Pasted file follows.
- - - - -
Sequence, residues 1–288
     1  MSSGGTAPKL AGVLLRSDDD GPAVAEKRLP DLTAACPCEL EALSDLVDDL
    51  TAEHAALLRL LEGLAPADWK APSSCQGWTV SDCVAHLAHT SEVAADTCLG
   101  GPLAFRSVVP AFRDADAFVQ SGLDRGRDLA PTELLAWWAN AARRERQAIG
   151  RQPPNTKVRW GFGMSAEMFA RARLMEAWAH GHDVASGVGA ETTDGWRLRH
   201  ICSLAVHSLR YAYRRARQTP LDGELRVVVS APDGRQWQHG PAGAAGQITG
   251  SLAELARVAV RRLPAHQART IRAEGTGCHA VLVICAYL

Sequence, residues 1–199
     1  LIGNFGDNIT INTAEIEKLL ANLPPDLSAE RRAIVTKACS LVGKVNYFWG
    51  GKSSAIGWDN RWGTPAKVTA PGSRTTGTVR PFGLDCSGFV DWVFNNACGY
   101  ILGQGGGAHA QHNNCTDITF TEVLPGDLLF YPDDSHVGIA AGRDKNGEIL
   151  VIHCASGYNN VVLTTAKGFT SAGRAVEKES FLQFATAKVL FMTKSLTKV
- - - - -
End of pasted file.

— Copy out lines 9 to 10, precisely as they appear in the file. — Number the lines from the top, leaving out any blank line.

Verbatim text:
     1  LIGNFGDNIT INTAEIEKLL ANLPPDLSAE RRAIVTKACS LVGKVNYFWG
    51  GKSSAIGWDN RWGTPAKVTA PGSRTTGTVR PFGLDCSGFV DWVFNNACGY